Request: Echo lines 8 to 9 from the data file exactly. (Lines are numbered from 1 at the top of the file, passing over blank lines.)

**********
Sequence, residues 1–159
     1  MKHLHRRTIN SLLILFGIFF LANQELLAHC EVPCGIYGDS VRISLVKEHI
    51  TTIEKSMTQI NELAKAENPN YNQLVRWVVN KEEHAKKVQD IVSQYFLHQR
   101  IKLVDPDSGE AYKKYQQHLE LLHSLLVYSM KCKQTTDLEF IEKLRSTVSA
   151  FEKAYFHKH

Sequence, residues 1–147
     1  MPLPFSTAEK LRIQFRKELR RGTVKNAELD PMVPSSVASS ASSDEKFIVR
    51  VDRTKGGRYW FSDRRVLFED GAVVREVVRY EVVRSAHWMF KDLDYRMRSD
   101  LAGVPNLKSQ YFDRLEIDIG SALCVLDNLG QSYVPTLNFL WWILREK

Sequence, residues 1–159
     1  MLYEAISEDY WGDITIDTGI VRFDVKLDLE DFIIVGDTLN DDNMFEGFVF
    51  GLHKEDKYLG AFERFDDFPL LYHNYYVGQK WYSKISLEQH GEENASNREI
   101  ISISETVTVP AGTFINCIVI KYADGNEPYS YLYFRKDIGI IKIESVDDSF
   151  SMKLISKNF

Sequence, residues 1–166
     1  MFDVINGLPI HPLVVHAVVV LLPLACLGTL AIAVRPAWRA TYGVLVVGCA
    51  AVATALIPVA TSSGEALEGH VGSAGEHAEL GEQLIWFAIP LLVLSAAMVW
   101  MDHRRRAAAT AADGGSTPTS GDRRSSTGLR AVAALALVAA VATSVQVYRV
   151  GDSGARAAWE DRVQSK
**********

    51  VDRTKGGRYW FSDRRVLFED GAVVREVVRY EVVRSAHWMF KDLDYRMRSD
   101  LAGVPNLKSQ YFDRLEIDIG SALCVLDNLG QSYVPTLNFL WWILREK